Four reasons why foreign investors fail in Africa

For centuries people have been flocking to Africa to make their riches, and for centuries many have failed. Africa’s allure and promise have always been undeniable. Being the world’s second largest continent with the second largest population, Africa is also richly endowed with a significant percentage of the world’s mineral resources.

But while the opportunities in Africa are endless, breaking into the African market is not quite so easy. And creating successful media campaigns are easier said than done.

If success is what you want, then your strategy for Africa needs to be uniquely African.

Here are some of the mistakes that companies make when investing in Africa:

They replicate a foreign strategy – Many strategies that have worked elsewhere have failed dismally in Africa because investors have failed to recognise that Africa has a very different landscape and frame of reference to the rest of the world. Not being attuned to the consumer or neglecting to tailor strategies could mean that businesses are overlooking valuable segments of the market.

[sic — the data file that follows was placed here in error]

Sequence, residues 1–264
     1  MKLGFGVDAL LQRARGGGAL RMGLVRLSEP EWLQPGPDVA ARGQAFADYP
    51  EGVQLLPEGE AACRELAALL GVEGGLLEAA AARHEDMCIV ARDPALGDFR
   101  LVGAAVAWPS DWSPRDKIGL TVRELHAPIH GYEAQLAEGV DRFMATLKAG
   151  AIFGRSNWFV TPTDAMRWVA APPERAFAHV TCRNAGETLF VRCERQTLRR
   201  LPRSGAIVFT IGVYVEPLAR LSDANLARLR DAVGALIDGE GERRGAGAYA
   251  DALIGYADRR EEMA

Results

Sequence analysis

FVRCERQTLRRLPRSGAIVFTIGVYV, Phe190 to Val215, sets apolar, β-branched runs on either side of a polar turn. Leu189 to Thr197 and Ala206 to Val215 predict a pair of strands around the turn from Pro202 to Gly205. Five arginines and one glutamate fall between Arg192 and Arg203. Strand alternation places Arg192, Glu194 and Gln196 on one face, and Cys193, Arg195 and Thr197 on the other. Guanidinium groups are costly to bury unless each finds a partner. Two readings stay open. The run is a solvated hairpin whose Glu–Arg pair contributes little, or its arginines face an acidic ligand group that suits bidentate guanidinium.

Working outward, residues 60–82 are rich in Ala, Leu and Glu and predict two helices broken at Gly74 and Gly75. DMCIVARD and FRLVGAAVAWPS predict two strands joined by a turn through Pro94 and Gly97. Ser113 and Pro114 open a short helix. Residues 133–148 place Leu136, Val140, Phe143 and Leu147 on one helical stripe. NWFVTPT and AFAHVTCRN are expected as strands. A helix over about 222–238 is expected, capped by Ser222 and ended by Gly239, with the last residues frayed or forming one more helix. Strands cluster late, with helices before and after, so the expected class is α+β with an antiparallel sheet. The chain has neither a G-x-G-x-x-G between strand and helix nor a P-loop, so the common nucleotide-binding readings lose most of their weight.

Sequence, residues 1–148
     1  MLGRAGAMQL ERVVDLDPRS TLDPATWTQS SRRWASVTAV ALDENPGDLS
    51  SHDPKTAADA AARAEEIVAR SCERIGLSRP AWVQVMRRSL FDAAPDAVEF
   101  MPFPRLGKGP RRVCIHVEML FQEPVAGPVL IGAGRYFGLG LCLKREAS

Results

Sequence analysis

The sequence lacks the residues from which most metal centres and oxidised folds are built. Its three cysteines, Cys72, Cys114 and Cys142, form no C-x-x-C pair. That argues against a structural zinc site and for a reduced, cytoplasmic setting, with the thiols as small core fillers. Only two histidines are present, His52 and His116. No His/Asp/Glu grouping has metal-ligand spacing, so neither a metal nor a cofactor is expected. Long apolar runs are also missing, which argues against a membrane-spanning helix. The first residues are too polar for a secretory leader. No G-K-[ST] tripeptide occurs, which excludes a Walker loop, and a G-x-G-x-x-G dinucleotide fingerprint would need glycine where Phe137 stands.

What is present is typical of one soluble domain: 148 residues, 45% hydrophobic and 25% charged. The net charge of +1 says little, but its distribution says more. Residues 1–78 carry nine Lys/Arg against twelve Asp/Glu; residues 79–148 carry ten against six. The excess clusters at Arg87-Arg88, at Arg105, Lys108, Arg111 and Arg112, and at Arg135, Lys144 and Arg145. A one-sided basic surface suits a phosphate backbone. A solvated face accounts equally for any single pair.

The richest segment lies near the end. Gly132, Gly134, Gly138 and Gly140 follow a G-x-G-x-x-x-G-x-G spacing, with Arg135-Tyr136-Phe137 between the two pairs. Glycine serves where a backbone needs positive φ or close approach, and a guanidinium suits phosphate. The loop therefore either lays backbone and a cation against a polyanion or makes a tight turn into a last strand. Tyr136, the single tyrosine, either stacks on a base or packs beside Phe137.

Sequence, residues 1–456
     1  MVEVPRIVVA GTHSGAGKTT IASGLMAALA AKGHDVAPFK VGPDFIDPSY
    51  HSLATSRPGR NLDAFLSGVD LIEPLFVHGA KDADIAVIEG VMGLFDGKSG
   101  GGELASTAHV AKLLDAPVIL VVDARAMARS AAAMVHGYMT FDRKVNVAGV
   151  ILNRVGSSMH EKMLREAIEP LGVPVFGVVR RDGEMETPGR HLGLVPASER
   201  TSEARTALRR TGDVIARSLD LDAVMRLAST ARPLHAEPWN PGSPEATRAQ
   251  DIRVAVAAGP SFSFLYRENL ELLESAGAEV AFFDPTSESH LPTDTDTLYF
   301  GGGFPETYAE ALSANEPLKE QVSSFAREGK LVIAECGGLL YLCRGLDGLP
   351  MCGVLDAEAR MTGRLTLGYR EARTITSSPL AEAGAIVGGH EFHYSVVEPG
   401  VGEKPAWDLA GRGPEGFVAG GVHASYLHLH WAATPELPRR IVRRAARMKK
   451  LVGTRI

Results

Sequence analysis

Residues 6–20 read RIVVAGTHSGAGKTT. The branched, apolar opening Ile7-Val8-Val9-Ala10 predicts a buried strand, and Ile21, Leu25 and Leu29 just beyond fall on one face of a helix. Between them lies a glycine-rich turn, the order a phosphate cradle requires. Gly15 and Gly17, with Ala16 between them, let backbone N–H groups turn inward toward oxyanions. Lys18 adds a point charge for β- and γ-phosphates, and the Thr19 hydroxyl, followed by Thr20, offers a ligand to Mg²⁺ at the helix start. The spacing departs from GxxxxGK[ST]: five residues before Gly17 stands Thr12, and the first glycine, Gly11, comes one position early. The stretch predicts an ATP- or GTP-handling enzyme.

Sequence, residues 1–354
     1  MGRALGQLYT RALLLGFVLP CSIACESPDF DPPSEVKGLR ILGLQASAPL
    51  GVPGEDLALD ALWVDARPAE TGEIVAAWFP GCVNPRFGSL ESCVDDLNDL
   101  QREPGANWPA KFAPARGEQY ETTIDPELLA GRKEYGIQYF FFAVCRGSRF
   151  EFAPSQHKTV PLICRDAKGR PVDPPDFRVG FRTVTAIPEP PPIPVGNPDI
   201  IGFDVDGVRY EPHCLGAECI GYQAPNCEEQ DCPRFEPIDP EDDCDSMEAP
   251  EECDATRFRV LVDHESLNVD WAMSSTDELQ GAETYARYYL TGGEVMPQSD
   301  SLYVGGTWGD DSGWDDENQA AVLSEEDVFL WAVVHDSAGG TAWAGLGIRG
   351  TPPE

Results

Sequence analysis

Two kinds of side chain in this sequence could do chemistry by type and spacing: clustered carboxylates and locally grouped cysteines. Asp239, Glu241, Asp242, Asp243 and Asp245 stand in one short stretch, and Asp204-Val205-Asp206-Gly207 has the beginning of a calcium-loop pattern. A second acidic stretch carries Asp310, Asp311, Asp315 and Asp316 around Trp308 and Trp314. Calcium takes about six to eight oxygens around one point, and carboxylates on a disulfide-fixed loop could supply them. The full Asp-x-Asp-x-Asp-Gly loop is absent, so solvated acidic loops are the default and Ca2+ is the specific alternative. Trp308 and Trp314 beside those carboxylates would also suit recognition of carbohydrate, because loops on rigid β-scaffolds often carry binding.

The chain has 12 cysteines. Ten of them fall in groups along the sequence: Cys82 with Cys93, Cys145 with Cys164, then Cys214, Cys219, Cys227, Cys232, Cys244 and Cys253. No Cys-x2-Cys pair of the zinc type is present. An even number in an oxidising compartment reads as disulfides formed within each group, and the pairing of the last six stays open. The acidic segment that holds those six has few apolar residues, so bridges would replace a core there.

They lack flexibility – One way to guarantee your failure would be to employ a rigid strategy. Many African countries are still unstable and susceptible to both local and international (social and economic) influences. For this reason, when you do business in Africa, you need to stay on top of all the changes and be able to make quick adjustments to your initial strategy. If you don’t, then you will most certainly be left behind.

They lack an understanding of cultural nuances – Messages that are not culturally sensitive can spell disaster for a brand. For example, many African languages are tonal and therefore the same word with the same spelling can mean two different things. Increasing your cultural understanding will increase the potency of your message.

They do not know how to deal with Africa’s diversity – There are cultures, sub-cultures and sub-sub-cultures. For example, South Africa (with 11 official languages and about 13 main cultural groups) is the least diverse country in Africa. Kenya has 13 different cultural groups and Nigeria has 389. It is clear that an understanding of the differences and similarities between these groups is crucial for success.

The biggest change agent in Africa today is the emergence of a group of African professionals determined to solve Africa’s problems with African solutions. These dynamic young entrepreneurs are aware of Africa’s past mistakes and have an internal drive to change and be counted. They are rapidly emerging as the future leaders who are ushering in a new age for Africa.

Lwandile Qokweni is development director for sub-Saharan Africa at media agency Carat.